"We start our morning with Mimosas in bed. I can hear the city waking up outside. People are cheerfully wishing each other good morning and the delicious smell of breakfast is slowly reaching our hotel room and our sleepy noses. We snuggle and order room service. It's a slow, magical morning in the greatest city of the world."
Mimosas are way overrated.
I feel like a truck of apple cider ran over me during the night. There's no such power in this world that would make me leave the small but surprisingly comfy bed in our tiny hotel room. My husband gets tired of waiting for me to get up so he stomps away to have breakfast. I stay in bed hating myself and all the apple cider brewers in the world until my stomach is about to turn upside down. I drop myself off the bed to the floor and pull a sweater and pants on top of my PJ's. As I slowly crawl downstairs to have breakfast my husband is coming back upstairs. I feel a bit better as I dream of the oversize, straight from the oven bagels waiting for me downstairs. I find a small hand written sign saying "BREAKFAST" with an arrow to right. I step into a small room where the TV is on and a handful of people are reading newspapers and having cereal. It takes me forever to find the bagels and even longer to cut one in half as these tiny wannabe bagels are harder than a rock. I eat one anyway. After a bowl of cereal I decide that's enough breakfast for now and I step outside to have a cigarette. Yes, yes - cigarettes are terrible and disgusting but I used to love them. Still do, actually. I would be way easier to get along with if I still smoked. Outside I hear lots of honking and I nearly get stomped by people rushing along the narrow street. Suddenly a man size of an Empire State building stops by me and starts talking. "Do you want to go to a hot balloon competition with me?" I must look like a deer in headlights as I just stare at him my cigarette hanging from my suddenly mute mouth. "I errraammmm... huh??" This is great. I'm afraid of two things. One: He thinks I have been dropped on my head WAY too many times when I was a baby. Two: He's going to murder me in broad daylight. "Are you cold? You look like you are cold. Here, have my jacket." I make a weird squealing sound and mumble about my husband waiting for me inside. I back away from the friendly - slash - dangerous man and point my cigarette towards him like a weapon. Note to self: Do not go outside alone.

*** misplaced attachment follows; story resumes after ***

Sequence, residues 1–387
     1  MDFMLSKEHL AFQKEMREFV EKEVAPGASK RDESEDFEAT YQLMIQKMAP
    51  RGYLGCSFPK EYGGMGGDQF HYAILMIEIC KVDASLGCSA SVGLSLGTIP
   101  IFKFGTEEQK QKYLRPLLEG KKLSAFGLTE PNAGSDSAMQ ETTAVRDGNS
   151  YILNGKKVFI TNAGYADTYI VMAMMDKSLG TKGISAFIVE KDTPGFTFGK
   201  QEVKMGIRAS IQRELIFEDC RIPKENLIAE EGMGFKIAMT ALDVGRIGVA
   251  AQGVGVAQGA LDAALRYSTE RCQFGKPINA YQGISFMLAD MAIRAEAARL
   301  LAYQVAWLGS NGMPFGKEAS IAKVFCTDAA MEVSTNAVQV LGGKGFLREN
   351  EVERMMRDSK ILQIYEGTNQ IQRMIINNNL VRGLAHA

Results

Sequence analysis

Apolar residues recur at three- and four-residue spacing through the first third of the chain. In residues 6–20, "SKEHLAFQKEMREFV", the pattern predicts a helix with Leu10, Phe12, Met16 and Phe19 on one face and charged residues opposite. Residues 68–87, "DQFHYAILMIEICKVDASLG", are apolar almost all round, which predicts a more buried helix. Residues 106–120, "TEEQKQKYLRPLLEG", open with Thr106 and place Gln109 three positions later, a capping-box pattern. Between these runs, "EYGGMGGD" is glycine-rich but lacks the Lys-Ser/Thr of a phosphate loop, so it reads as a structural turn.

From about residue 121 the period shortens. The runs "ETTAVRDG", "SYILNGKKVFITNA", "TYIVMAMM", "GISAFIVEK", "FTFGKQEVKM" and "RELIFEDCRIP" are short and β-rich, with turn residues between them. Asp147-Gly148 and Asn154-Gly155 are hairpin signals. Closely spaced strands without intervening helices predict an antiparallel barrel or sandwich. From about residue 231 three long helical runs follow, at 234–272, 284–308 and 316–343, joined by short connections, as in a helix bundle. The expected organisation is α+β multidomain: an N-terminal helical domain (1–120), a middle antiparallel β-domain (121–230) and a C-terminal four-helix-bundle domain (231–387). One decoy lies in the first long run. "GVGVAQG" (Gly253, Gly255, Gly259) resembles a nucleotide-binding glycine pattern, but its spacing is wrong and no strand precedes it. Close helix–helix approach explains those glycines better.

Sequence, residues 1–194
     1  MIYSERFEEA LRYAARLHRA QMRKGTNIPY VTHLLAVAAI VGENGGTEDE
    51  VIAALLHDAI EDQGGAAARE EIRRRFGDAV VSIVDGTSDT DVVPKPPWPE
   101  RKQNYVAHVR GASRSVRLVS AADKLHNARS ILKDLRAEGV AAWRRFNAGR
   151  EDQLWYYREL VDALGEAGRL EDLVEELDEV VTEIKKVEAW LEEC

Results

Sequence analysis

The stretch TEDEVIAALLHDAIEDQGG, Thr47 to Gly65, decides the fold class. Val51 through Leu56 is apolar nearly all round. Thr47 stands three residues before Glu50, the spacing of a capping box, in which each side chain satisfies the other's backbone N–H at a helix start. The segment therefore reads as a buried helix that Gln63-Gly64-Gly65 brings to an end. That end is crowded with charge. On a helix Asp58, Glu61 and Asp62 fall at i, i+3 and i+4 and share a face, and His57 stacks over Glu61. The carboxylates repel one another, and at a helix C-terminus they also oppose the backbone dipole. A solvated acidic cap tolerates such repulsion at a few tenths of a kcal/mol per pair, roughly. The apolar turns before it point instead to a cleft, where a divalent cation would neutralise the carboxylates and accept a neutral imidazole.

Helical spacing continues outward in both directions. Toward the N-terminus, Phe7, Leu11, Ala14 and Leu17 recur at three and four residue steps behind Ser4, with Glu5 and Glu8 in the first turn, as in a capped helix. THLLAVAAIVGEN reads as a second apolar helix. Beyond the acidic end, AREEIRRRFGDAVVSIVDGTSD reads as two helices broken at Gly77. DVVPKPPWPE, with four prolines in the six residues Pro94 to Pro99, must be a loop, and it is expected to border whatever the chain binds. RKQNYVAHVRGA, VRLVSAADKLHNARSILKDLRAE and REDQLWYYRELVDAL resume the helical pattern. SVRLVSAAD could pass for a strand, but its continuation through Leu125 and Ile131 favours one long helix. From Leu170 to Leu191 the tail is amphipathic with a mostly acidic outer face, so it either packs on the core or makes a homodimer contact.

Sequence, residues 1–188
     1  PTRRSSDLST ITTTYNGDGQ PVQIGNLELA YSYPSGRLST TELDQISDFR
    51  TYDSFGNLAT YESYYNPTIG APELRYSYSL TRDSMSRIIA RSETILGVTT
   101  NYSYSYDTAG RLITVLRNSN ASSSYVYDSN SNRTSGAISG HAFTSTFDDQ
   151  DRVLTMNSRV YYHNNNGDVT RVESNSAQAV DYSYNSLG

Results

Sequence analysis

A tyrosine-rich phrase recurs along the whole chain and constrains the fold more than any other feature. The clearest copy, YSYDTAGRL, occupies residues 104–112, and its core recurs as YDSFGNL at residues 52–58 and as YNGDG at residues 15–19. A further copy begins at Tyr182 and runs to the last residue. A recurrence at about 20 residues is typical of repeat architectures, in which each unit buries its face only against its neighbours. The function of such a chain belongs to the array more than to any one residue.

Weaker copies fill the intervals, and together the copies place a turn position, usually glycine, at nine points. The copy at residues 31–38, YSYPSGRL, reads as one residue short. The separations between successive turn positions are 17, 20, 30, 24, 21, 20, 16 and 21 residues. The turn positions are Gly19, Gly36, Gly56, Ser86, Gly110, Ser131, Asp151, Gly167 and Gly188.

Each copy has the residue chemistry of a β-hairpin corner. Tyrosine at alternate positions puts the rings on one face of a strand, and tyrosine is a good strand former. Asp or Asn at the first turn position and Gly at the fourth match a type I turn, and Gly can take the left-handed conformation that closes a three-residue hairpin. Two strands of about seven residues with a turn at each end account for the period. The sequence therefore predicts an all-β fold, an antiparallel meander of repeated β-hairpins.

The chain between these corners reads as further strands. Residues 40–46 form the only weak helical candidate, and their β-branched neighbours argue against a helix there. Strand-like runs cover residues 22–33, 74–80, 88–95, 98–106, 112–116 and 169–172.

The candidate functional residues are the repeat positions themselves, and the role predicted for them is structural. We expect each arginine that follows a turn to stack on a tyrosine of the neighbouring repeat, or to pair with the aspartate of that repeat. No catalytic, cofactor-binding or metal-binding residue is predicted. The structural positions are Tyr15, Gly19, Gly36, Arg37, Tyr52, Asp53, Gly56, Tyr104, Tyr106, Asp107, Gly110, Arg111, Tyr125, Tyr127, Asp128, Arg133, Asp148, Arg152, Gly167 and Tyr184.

"The best feeling is entering the New York city after you've been away for a long time. The skyscrapers in the distance are like a promise of a better tomorrow. People look absolutely stunning as they stroll down the never sleeping roads. The air is full of excitement and mystery. Here my life can change - in a blink of an eye."
Memory is a tricky thing. It makes you forget the shitty things and experiences.
I can see the breathtaking skyline when the bus slowly approaches the Big Apple. The skyscrapers are stunning and they make me feel small but strong. I look outside and smile at the city. "In a way... wouldn't it be the coolest thing ever to live here?" I nod. Definitely. The coolest.